| 3 months ago
BBC: 40 years ago, the Iranian hostage crisis gripped the world, with details unfolding nightly on television. But one story remains untold. Desperate to get their message out, the hostage takers invited 50 ordinary Americans to visit Iran. For the Americans, this high-risk trip held the tantalising possibility of securing the release of hostages. What transpired was a journey quite unlike any...
| 9 months ago
Muslims have been in the U.S. since the time of the earliest explorers and have left their mark on everything from the White House to the Marine Corps sword. Watch this film and explore the many ways Muslim history is tightly woven into American life.
Directed by Joshua Seftel with funding from Doris Duke Foundation for Islamic Art
Featuring: Hussein Rashid, adjunct faculty member in the ...
| one year ago
From the Kinolibrary Archive Film collections. To order the clip clean and high res or to find out more visit http://www.kinolibrary.com. Clip ref. XR54. JORDAN EXT Empress Farah disembarks plane, greets man and woman, King Hussein of Jordan and Queen Alia hugs little girl, walks along line of people shaking hands, greeting people. Parade, Empress Farah cheered on by children in uniform. ...
BBC Persian TV's Nader Soltanpour interviews Pejman Akbarzadeh, documentary maker, after the world premiere of "Taq Kasra: Wonder of Architecture" at SOAS (School of Oriental and African Studies), University of London. Taq Kisra which is a landmark in the history of architecture was built in Ctesiphon, the capital of Persian Empire, in Sasanian era. The arch is now localed in Baghdad, Iraq; ...
Taq Kasra: Wonder of Architectureis the first-ever documentary film on the world’s largest brickwork vault. The palace isa symbol of the Persian Empire in the Sasanian era (224-651 AD), whena major part of Mesopotamia (modern Iraq) was part of Persia [Iran].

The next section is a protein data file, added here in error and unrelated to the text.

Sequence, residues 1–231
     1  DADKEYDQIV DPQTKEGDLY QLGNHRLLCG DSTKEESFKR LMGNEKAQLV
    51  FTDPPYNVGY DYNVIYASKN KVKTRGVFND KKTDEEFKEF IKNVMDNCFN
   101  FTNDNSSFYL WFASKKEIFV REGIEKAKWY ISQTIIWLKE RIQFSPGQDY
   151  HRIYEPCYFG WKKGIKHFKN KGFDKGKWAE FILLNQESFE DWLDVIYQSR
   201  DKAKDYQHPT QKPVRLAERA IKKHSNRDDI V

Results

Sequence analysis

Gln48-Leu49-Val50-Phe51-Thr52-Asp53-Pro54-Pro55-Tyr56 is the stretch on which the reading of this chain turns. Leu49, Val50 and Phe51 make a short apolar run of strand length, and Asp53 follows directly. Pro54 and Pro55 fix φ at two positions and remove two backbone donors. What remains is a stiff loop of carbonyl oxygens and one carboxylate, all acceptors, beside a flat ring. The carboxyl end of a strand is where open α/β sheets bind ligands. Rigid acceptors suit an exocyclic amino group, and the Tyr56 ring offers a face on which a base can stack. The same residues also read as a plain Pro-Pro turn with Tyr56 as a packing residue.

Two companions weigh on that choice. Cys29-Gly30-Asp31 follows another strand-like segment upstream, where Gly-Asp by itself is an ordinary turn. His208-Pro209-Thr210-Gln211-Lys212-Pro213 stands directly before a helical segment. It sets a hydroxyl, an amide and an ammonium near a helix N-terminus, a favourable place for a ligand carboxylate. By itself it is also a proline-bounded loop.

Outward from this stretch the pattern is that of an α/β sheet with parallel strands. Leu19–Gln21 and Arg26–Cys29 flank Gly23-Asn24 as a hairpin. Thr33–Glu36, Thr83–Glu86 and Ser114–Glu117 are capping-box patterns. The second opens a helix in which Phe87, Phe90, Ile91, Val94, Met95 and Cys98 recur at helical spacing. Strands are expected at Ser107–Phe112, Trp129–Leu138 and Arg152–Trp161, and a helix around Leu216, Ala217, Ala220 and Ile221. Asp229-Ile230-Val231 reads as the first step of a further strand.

The documentary will be premiered at SOAS in London. Red More: www.taqkasra.com
| 2 years ago
Zoroastrian ritual exposure of the dead is first known of from the writings of the mid-5th century BC Herodotus, who observed the custom amongst Iranian expatriates in Asia Minor. In Herodotus' account (Histories i.140), the rites are said to have been "secret", but were first performed after the body had been dragged around by a bird or dog. The corpse was then embalmed with wax and laid in...
We know for a fact our bodies need a tad of salt to survive. We also know too much salt can increase our blood pressure and reduce our life expectancy. Gilda Gazor found out salt can preserve our bodies for thousands of years. But before you go sprinkling salt all over yourself, watch this feature first to get the full picture.
Written and produced by John Bridcut
Film Editor: Samuel Santana
Photography: Vaughan Matthews
Sound: Paul Paragon
An ITN (Independent Television News Ltd) production for BBC (2011)
| 3 years ago
Stanford Iranian Studies: Jennifer L. Jenkins is Associate Professor of German and European History at the University of Toronto. She is the author of Provincial Modernity: Local Culture and Liberal Politics in Fin-de-Siècle Hamburg and Weltpolitik on the Persian Frontier: Germany and Iran in the Age of Empire about German-Iranian relations from the Crimean War to Operation Barbarossa. ...